A Positive Force In Girls Volleyball

Bob Hogue
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Wednesday - August 04, 2005
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Coach Sheri Sagayaga (in white) works with (from
left) Olivia Stiller, Tiana Manuma, Briana Salanoa
and Britni Salanoa

As a volleyball player at Roosevelt High School in the ’80s, Sheri Sagayaga was what coaches call a “scrapper.” At 4 feet 10 inches tall, what she lacked in height, she more than made for up with grit and determination.

She would play anywhere — setter, outside hitter, and even at her height, middle blocker. Floor burns were a way of life for her.

“I was told by others that I was never going to make it because I was too short,” she recalls. “But I knew that if you train hard and play with no regrets, then I could do it.”

The saying “No Regrets” became her motto. Even after she blew out her knee and missed her chance to play at Hawaii Pacific, Sheri never gave up on the game. In fact, she gave back and “went right into coaching,” she says.

She honed her coaching skills from the best. From Dan Kitashima at Kamehemeha, she learned how to run a program. From former Olympian Pedro Velasco, she learned technique, and from veteran University of Hawaii Wahine assistant Charlie Wade, she learned the competitive aspects of the game.

“The state has such great coaches,” she says. “We all learn from each other. I wouldn’t be so successful without other coaches, my family and my assistants.”

Sheri has found outstanding coaching success in both the high school ranks and the club ranks. After cutting her coaching teeth with the powerful ASICS program, she has guided girls volleyball teams at Maryknoll and Campbell, won an OIA title at Moanalua, and now coaches the varsity at Radford.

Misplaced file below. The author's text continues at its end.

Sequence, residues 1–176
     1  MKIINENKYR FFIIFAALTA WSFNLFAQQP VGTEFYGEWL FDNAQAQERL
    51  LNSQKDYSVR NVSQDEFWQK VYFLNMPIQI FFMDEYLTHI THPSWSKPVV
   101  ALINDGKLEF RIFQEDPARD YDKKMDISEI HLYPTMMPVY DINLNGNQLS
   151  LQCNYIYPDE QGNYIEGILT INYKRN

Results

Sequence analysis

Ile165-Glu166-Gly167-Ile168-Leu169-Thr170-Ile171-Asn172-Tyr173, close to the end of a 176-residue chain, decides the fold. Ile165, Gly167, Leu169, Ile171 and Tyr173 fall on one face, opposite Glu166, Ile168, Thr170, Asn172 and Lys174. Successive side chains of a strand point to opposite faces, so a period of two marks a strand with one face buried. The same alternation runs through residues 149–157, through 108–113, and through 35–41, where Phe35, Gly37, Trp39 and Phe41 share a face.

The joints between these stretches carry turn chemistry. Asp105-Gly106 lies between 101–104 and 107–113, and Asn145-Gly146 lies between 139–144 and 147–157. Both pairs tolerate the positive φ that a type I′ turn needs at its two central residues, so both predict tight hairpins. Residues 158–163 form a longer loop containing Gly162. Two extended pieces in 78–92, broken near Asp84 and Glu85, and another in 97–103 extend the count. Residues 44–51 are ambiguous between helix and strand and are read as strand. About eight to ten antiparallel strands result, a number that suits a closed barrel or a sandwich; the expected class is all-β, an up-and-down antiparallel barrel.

At Radford, where she begins her second year as head coach this month, she has already seen a tremendous turnaround.


“All the players worked really hard this summer,” she says. “They really see the difference and feel really good about themselves.”

For the past several years, Sheri has also been a coach and the director of the Quicksets volleyball club. It’s with Quicksets that she has made the biggest difference in young girls’ lives.

As everyone in Hawaii sports knows, this state is brimming with great volleyball talent. But Coach Sheri wanted to go deeper into the talent pool. “I saw the need especially for the OIA kids,” she says. “We needed to give them their opportunity.”

From that simple dream, Quicksets has grown into a club of seven full teams, including more than 80 girls. This past year, more than 90 percent of the high school seniors in the club received college scholarships.

Her players often end up at schools you may have never heard of. Like Trinity and Regis and Siena, for example. But they’re all living out their volleyball dreams and getting a free college education at the same time. That’s a remarkable feat.

“A lot of the kids I’ve coached weren’t all-staters,” Sheri says. Somewhere along the way, these were players a lot like she was in high school. “Nobody thought they could do it. But I watched it in their eyes; I saw them grow.”

From Quicksets to Radford, Coach Sheri has the same positive philosophy.

“The key to becoming a champion is being humble,” she says. “You can’t expect instant gratification; it takes time. Success comes from technique and attitude and believing in themselves. And making mistakes is OK. You just have to learn from them.”

Coach Sheri stresses the importance of academics, too. “I always let my players know that I’m there for them,” she says. “They can call me anytime.”

It’s the kind of compassionate coaching style that makes Sheri Sagayaga a giant in the world of local volleyball. No regrets.

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